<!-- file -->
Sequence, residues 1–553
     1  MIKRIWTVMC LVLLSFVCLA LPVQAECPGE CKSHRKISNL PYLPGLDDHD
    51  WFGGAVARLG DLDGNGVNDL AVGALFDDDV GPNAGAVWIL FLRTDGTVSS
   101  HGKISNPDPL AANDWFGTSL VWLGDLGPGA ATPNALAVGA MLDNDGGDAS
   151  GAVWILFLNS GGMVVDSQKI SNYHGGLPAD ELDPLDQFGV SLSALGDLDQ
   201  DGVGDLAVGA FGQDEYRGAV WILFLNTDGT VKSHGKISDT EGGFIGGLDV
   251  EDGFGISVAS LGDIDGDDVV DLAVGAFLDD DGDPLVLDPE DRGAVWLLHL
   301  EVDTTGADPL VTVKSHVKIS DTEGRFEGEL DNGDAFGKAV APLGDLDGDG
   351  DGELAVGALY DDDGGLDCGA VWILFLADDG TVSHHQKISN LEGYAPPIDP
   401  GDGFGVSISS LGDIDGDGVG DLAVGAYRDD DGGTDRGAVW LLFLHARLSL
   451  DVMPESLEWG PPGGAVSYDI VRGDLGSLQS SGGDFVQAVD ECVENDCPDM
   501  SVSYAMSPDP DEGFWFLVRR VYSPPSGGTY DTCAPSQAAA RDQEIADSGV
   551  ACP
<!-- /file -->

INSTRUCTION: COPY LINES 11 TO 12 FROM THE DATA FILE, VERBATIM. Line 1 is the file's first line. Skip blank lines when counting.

   451  DVMPESLEWG PPGGAVSYDI VRGDLGSLQS SGGDFVQAVD ECVENDCPDM
   501  SVSYAMSPDP DEGFWFLVRR VYSPPSGGTY DTCAPSQAAA RDQEIADSGV